The Seven Seasons

Now that we’ve covered the method for structuring short form stories, aka “cubbies,” – let’s get down to the big daddy of storytelling:

The Seven Seasons

This is the method for structuring long form stories.

You ready!?

The “seven seasons” refer to the seven distinct chunks that comprise a multi-part story. We’re talking about a T.V. series, a book series, a series of films, you name it.

You’ve got seasons 1, 2, 3, 4, 5, 6, and 7.

We’re using the term “season” here in a similar way to the use of the term “act” in a film’s structure.

An “act” is a specific chunk of story with certain narrative elements. The same holds true for these “seasons.” They are chunks of story defined by their specific concerns. Their particular needs and traits, unique from the concerns of other seasons.

What these specific needs are, will be our main focus when we take a look at each season individually. But when they all come together, the seasons create a large sprawling narrative, greater than the sum of its parts.

Let’s take a look at this seven season beast:

When you really look at it, from a top-down view, your entire long form story can be broken up into three overall…

Eras

The first, second, and third eras of your series.

  • Seasons 1, 2, 3 = 1st Era.

  • Seasons 4, 5 = 2nd Era.

  • Seasons 6, 7 = 3rd & final Era.

We’ll get into more detail later about the specific qualities of these “eras.” But for now, just know that they’re there. They’re an important part of the larger structure of your series.

Movin’ on!

Each season, in the grand structure of your series, has three levels to consider.

Three layers:

  • Dramatic Structure

  • Dramatic Pace

  • Dramatic Evolution

“Dramatic Structure” itself, has three different areas of concern:

Dramatic Structure

  • Connection/Separation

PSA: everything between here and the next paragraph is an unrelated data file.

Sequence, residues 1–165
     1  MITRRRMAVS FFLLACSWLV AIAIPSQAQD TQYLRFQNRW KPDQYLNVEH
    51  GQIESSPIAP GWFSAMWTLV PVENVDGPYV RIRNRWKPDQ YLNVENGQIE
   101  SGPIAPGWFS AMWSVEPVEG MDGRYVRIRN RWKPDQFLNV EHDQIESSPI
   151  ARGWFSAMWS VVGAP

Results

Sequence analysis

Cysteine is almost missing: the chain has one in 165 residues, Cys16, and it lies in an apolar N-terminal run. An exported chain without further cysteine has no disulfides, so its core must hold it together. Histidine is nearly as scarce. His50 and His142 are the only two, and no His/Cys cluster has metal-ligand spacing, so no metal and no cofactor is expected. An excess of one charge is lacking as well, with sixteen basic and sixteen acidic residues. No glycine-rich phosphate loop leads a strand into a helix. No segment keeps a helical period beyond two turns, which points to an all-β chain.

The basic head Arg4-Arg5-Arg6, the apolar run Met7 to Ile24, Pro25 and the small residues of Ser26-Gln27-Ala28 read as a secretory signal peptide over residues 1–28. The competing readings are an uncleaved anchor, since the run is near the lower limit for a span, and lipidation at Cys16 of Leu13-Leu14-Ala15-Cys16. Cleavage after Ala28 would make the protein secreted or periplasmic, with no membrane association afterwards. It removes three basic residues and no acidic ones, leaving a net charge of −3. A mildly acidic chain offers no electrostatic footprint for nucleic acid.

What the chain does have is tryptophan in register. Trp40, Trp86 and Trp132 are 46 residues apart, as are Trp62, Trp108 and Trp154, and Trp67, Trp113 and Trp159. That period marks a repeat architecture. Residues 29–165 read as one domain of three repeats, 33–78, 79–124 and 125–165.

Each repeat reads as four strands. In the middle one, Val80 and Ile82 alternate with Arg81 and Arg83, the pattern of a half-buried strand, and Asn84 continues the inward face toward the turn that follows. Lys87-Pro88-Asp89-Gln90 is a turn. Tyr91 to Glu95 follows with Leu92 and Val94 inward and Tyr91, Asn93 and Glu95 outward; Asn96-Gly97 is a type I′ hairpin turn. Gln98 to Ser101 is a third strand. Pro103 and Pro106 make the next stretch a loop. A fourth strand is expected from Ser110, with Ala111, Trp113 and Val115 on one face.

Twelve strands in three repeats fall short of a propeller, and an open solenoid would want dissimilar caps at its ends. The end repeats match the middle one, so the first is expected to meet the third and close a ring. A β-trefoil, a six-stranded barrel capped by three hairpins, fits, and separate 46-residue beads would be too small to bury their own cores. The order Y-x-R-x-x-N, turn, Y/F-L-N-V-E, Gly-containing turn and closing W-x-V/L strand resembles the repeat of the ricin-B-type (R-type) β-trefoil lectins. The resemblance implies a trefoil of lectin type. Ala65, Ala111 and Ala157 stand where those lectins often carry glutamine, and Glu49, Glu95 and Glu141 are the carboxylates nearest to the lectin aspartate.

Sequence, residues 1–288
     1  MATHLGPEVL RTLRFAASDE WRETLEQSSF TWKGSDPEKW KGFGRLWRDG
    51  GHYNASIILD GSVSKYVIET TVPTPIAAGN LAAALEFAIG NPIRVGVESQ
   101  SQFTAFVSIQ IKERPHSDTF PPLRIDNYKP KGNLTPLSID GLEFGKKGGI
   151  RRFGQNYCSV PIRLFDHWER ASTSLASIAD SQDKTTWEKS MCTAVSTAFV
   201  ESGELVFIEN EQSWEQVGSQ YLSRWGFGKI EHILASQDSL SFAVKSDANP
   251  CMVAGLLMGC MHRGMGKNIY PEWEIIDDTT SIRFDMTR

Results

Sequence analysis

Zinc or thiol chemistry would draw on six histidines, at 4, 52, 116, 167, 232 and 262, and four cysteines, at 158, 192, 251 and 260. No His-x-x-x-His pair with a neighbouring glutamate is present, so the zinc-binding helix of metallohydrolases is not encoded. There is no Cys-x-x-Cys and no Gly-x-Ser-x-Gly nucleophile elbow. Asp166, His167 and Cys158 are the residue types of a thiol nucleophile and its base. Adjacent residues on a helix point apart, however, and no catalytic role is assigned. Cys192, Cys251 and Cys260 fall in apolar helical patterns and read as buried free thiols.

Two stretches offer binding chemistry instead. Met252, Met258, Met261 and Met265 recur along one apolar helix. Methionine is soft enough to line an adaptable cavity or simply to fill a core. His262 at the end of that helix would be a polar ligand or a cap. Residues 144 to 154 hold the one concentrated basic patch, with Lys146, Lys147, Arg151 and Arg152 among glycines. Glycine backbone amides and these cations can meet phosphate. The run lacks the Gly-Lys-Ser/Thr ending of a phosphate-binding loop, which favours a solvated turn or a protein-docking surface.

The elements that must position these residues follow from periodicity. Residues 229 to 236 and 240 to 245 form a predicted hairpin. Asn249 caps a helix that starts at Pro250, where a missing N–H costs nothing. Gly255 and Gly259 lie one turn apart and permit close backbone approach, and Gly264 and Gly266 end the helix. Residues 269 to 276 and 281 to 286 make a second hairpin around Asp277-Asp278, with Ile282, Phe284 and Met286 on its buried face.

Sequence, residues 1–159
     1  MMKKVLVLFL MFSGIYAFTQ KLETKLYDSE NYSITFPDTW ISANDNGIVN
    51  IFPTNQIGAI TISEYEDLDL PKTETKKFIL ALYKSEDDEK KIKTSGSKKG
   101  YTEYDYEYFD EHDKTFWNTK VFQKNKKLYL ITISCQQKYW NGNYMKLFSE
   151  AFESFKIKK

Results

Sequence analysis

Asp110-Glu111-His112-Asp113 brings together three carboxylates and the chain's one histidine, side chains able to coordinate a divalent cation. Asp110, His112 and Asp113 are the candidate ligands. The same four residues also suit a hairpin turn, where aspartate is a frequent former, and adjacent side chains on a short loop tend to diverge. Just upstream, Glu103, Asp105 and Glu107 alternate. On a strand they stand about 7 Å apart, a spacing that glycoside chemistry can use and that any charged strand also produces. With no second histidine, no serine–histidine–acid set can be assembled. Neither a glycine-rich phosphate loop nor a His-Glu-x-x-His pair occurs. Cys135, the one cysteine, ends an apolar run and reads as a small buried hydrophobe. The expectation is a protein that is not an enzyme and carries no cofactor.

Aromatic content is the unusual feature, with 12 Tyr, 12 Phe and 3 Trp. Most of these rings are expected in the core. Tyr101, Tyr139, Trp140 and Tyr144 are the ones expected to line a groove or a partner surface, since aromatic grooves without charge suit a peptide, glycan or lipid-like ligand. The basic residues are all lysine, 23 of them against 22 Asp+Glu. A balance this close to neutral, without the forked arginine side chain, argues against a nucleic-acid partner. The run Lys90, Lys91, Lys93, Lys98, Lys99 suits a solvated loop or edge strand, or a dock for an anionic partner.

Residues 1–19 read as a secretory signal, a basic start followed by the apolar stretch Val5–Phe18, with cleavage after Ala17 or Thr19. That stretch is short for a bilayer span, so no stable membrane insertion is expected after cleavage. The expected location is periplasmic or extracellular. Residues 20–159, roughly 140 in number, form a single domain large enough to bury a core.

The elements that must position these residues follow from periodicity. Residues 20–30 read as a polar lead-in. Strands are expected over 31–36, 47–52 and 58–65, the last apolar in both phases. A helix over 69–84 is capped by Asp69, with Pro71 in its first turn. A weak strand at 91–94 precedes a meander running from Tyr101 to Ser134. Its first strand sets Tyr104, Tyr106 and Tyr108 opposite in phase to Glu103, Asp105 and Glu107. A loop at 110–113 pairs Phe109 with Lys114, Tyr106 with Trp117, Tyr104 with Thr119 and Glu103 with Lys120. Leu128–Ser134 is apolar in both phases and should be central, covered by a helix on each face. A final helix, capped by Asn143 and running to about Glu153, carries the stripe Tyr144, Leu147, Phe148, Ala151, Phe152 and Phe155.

• Positive/Negative

  • Origin/Deviation

These three areas of concern alternate between the seasons, as your story progresses.

Seasons 1, 3, 5, and 7 are of the first type:

  • “Connection,” “Positive,” and “Origin” focused.

Seasons 2, 4, and 6 are all of the second type:

  • “Separation,” “Negative,” and “Deviation” focused.

This alternation creates the pulse of the drama in your long form story.

You can’t mess with this pulse. It’s the heartbeat, the rhythm of your series. You lose that, it’s hard to recover from. It pulses this way for each of the three “dramatic structure” areas of concern:

Connection/Separation:

  • Season 1: Connection.
  • Season 2: Separation.
  • Season 3: Connection.
  • Season 4: Separation.
  • Season 5: Connection.
  • Season 6: Separation.
  • Season 7: Connection.

Positive/Negative:

  • Season 1: Positive.
  • Season 2: Negative.
  • Season 3: Positive.
  • Season 4: Negative.
  • Season 5: Positive.
  • Season 6: Negative.
  • Season 7: Positive.

Origin/Deviation:

  • Season 1: Origin.
  • Season 2: Deviation.
  • Season 3: Origin.
  • Season 4: Deviation.
  • Season 5: Origin.
  • Season 6: Deviation.
  • Season 7: Origin.

We’ll get all up in the specifics of this pulsing when we discuss each season in turn. Each season has its own unique expression of these three areas and their ideas.

Dramatic Pace

This deals with the pacing of your story, how the seasons flow from one to the next, and how they relate.

Our discussion of “eras” will become important when talking about the “dramatic pace.” Again, we’ll get more into the details when we approach each season in turn.

Dramatic Evolution

This is all about how your story evolves over time.

The things you need to do to change and grow your story organically as time progresses. Again, we’ll dig into the deets, as we discuss each season individually.



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